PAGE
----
As I surveyed the area, it was evident that this was a family affair – three or sometimes more generations made it to the top. Speaking to Jean, in her 70s, she said she been going on and off since the 1960s and remember her grandparents coming with them. Why? Well the view was amazing, the fair was always a draw and the pace egging. Yes, for on the top hundred of children had assembled with their coloured eggs to roll down the steep slopes. Unlike other places, such as Fountains Abbey, where the rolling is organised with prizes, here it was completely impromptu – well as impromptu as climbing a hill with some pre-prepared eggs can be. Everywhere eggs were tumbling and in some cases children too down the very steep slopes. The dogs around getting confused by the balls they could eat as well! This again was a generational thing, the adults having as much fun rolling – without any kids and playing an egg rolling equivalent of dodgeball or dodge-egg! A real tradition untainted by commercialisation.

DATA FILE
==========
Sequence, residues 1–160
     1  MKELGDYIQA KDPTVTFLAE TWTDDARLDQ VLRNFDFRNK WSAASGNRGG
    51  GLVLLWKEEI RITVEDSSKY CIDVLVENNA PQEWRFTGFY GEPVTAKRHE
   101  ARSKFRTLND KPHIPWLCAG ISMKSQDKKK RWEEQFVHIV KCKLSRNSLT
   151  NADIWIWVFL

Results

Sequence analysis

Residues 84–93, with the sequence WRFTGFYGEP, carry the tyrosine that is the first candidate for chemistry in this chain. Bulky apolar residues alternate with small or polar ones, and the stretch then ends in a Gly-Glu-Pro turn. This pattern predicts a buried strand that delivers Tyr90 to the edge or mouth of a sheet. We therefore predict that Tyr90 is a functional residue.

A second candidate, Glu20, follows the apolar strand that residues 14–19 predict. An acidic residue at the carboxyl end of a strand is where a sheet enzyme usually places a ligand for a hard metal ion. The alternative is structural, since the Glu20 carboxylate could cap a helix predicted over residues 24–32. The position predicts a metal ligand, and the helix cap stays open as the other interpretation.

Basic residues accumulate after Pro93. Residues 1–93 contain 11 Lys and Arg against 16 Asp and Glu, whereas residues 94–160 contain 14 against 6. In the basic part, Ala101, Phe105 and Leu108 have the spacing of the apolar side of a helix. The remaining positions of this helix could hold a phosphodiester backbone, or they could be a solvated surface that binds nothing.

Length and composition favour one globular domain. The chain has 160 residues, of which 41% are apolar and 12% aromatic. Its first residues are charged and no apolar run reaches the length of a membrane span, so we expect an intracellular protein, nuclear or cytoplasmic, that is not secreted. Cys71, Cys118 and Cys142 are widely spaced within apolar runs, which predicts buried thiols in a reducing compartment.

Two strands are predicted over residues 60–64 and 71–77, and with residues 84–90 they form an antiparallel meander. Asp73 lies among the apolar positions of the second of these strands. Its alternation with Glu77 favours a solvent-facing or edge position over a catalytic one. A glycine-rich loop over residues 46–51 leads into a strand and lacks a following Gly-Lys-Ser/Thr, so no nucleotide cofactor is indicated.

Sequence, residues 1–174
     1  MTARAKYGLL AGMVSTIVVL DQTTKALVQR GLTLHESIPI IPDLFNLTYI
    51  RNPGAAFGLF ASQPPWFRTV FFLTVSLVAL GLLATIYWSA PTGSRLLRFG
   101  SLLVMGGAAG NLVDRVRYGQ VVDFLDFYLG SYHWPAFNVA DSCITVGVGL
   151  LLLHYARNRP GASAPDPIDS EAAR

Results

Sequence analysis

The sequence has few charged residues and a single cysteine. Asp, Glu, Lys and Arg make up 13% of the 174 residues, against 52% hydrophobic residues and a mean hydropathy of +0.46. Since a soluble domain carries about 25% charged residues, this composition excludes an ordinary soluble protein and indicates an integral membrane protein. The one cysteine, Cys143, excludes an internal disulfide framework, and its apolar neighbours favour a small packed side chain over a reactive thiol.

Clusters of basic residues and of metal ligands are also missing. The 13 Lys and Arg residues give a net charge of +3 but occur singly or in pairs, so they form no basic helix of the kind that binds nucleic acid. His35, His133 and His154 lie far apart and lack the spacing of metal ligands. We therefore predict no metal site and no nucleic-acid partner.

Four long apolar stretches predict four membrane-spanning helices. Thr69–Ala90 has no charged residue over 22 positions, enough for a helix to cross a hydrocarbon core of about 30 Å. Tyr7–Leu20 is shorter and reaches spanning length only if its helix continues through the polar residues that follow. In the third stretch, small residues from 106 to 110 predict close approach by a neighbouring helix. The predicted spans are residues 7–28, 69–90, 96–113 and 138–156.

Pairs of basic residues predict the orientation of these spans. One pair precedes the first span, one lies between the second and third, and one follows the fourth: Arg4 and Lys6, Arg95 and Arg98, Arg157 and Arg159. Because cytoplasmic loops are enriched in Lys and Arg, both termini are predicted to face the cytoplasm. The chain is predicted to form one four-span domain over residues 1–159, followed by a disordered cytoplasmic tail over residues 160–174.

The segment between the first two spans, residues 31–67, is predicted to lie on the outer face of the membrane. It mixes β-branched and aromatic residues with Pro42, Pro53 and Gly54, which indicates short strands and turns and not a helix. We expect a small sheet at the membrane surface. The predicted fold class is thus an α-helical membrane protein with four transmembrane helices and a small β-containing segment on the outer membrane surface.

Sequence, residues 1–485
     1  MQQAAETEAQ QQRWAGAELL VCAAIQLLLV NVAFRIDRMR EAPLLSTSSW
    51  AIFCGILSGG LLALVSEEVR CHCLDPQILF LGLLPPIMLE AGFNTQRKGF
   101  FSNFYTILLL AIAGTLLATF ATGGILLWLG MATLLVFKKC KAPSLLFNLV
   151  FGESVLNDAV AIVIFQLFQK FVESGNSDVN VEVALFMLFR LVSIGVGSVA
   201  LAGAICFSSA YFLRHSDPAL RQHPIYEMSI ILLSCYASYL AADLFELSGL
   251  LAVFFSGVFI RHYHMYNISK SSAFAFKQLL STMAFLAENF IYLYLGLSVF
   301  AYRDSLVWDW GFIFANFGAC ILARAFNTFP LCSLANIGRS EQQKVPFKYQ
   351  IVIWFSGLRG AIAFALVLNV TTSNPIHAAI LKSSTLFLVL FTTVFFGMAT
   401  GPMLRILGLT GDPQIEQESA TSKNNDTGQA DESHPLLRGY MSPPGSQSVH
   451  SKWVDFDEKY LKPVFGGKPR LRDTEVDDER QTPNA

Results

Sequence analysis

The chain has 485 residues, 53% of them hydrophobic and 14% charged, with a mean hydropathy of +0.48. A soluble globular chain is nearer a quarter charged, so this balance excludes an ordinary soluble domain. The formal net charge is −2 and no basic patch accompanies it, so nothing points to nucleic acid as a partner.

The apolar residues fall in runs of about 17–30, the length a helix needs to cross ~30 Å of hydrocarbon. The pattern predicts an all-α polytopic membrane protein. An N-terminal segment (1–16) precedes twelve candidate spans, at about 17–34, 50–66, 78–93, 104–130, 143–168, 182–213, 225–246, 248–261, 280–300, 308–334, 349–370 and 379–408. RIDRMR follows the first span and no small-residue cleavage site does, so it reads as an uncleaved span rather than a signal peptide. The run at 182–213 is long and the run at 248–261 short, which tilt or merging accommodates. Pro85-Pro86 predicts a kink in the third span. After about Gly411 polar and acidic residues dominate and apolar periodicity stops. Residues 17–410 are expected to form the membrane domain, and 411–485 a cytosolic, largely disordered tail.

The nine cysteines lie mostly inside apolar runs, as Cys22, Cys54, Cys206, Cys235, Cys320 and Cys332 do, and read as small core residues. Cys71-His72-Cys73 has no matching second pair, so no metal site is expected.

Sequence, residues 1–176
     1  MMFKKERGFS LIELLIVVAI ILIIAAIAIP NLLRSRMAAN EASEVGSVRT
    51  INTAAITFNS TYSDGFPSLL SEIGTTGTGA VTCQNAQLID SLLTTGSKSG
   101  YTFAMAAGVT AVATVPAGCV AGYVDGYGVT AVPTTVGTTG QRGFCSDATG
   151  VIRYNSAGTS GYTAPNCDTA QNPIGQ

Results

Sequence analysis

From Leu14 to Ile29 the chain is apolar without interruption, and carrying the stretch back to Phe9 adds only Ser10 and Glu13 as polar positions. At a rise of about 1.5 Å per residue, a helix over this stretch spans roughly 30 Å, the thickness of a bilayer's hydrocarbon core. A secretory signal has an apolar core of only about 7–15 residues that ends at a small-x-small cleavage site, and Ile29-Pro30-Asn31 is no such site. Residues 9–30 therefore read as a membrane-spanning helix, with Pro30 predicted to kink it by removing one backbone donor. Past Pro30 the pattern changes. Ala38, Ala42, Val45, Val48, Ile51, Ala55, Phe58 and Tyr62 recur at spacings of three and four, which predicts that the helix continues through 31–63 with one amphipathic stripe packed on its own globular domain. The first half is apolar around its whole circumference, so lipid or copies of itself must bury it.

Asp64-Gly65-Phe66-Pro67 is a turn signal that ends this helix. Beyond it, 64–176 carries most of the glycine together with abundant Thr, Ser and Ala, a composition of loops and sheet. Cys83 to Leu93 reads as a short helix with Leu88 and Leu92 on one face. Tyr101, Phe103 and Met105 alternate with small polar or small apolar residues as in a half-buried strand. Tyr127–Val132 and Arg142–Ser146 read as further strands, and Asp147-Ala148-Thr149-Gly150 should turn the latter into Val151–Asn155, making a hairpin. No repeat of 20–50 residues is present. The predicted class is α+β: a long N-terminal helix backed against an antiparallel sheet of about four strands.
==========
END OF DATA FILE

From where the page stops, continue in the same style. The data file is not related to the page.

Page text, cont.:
Finally after admiring the rolling, the views and enjoying the sunshine I walked down, trying to miss the flying eggs, to the fair below. This laid on a dirt track below the hill but apparently was once on the upper slopes holding on, on those fierce Good Friday winds, precariously holding on, the bouncy castles almost bouncing off. A small fair but popular, Northern soul tracks pumping out of the hook a duck stall…creating a special northern feel. The Rivington Pike Good Friday walk is one of those sort of spontaneous customs which are rare today, it may have had a fair attached to it, the walk still appears rain or shine, wind or calm conditions, to be the goal. I was just thankful that it was warm and sunny!